The Al-Hol Camp, where about 57,000 people, almost half of them children, live, is considered one of the most violent detention and displacement camps on earth. It has been branded a breeding ground for terrorism.
Since March 2019, there have been at least 130 murders in the main Al-Hol Camp, home to Syrian and Iraqi men, women, and children associated with IS. But the Al-Hol Annex, which houses displaced women and children from the Syrian Civil War, has also been insecure.
The already precarious humanitarian and security conditions have deteriorated further in recent months, making the risks associated with this slow-moving catastrophe ever clearer. A camp like Al-Hol fuels resentment and inspires terrorists to commit everything from breakout operations to large-scale attacks.
In October 2020, the Autonomous Administration of North and East Syria (AANES) announced plans to release all the Syrian nationals from the camp, which account for about half of the population.
That process has been hampered by significant obstacles in areas outside of government control, however, while the regime led by Syrian President Bashar Al-Assad remains uninterested in their repatriation.
After the release of the Syrian nationals, there would still remain some 10,000 people from other nationalities in the camp from 40 other countries. There have been repeated calls from Iraqi officials asking the international community to repatriate its nationals from Al-Hol, but only a few countries have responded positively to the calls citing security concerns.
The UN is concentrating its efforts on over 25,000 Iraqis whom it wants Iraq to take back despite the fears of the Baghdad authorities, the Kurdistan Regional Government, and the general Iraqi public that the returnees could be a time bomb.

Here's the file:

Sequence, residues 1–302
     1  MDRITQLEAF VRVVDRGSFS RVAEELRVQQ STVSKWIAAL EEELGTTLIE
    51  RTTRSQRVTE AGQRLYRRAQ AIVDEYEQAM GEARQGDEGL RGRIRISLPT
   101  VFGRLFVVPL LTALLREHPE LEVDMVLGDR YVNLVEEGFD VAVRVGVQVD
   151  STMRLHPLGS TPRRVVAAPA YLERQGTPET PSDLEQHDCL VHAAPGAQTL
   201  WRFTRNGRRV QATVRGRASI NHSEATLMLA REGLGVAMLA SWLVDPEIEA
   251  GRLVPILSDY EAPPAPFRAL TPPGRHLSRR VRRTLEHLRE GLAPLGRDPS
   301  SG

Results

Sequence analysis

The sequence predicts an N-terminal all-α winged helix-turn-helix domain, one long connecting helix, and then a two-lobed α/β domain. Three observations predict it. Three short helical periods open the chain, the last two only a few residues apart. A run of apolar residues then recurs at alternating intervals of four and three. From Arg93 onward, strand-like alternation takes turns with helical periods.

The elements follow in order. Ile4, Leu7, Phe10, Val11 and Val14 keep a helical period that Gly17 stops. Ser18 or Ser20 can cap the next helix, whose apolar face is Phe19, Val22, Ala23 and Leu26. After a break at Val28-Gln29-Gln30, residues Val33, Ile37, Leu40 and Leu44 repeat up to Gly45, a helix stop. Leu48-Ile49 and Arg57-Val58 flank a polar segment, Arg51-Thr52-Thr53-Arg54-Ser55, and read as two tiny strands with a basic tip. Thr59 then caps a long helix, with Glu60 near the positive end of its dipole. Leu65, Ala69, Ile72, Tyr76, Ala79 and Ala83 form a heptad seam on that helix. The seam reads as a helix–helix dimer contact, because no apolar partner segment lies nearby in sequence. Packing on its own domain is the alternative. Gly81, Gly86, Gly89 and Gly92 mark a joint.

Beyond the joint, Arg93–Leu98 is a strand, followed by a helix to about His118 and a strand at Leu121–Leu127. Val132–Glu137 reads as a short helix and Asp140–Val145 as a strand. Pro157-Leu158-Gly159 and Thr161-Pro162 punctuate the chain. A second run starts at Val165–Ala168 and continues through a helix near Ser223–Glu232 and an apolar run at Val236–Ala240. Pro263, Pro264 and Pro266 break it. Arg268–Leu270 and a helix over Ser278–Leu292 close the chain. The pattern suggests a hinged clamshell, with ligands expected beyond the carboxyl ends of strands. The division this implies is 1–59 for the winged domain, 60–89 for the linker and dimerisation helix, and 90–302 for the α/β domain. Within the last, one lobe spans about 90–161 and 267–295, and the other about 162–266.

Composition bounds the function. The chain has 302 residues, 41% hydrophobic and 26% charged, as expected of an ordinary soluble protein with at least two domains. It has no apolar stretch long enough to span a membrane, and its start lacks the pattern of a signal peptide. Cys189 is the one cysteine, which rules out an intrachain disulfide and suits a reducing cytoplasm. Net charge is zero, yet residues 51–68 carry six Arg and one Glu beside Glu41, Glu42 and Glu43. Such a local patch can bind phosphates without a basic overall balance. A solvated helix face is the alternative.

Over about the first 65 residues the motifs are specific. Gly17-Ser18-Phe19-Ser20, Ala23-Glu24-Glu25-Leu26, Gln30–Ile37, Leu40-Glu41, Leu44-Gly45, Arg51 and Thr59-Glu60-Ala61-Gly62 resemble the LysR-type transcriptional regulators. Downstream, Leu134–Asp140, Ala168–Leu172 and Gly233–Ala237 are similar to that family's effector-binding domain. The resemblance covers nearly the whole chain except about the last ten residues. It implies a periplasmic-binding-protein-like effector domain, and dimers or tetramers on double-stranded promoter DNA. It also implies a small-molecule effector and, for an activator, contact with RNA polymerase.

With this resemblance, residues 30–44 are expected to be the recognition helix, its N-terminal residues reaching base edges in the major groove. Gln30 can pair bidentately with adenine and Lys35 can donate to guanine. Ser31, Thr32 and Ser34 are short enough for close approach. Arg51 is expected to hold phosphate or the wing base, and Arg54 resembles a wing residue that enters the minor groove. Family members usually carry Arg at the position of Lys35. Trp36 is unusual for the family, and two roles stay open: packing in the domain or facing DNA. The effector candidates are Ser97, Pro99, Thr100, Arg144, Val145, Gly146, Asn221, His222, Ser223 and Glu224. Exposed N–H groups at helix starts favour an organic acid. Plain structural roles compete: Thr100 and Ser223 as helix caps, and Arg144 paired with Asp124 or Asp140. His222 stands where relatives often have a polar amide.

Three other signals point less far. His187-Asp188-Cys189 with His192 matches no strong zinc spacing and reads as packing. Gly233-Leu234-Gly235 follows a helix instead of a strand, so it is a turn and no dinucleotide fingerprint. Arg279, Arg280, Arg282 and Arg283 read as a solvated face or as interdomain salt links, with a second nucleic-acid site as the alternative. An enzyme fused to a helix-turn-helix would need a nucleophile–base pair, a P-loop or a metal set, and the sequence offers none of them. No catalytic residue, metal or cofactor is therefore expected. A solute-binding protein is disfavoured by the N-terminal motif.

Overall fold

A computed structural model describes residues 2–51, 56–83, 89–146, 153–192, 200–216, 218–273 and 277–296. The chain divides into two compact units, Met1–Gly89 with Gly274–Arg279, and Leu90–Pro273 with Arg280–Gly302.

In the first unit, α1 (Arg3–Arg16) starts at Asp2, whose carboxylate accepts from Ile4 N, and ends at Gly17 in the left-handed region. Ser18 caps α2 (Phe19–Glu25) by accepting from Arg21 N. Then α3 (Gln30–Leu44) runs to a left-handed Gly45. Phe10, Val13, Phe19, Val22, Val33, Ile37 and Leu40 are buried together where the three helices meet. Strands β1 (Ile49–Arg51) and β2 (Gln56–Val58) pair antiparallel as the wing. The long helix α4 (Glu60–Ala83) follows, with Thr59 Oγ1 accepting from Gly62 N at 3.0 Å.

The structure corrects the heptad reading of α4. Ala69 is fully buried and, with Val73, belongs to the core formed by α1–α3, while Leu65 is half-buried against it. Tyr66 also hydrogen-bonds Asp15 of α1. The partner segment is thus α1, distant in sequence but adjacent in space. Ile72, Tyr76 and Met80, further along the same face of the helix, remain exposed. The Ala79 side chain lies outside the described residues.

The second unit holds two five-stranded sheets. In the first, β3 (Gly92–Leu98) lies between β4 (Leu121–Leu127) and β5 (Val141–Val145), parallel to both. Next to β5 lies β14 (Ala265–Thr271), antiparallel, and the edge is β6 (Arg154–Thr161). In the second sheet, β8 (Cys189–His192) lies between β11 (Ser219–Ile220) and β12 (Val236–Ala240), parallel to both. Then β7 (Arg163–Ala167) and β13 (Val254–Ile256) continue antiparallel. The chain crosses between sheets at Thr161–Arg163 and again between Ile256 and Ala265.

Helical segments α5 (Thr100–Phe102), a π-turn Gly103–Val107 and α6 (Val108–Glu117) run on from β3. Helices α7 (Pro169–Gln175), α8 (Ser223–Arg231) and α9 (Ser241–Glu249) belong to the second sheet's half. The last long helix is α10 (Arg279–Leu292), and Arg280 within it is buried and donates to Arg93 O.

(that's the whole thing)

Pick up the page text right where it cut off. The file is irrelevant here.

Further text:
So far, over 2,500 Iraqis have been repatriated to Iraq. But as the UN and some Western governments are increasing the pressure on the Iraqi authorities to take back more, leaving them in a quandary as they realise the country is not ready to provide the required post-return security and accommodation.
Five years after the conflict in Iraq ended, many of the physical, emotional, and psychological wounds of the war remain unhealed. The end of the conflict was nevertheless presented as the beginning of a new era of peace, national healing, and reconstruction in Iraq and the closure of IS’s bloody chapter.
For many people in parts of the country where the worst IS atrocities were experienced, there can be no reconciliation when so many scars of the war remain. On Saturday, Iraq marked the eighth anniversary of the IS massacre of 1,700 Iraqi soldiers during its 2015 blitzkrieg, with many of the bodies still unaccounted for.
On 8 June, an official in the Iraqi Anbar Province told the local media that the security forces in the province expect trouble next week when some 500 families of IS affiliates are due to arrive from Al-Hol.
He said that many local people have vowed to take revenge on the returnees, who are accused of committing atrocities after the group captured the province in 2015.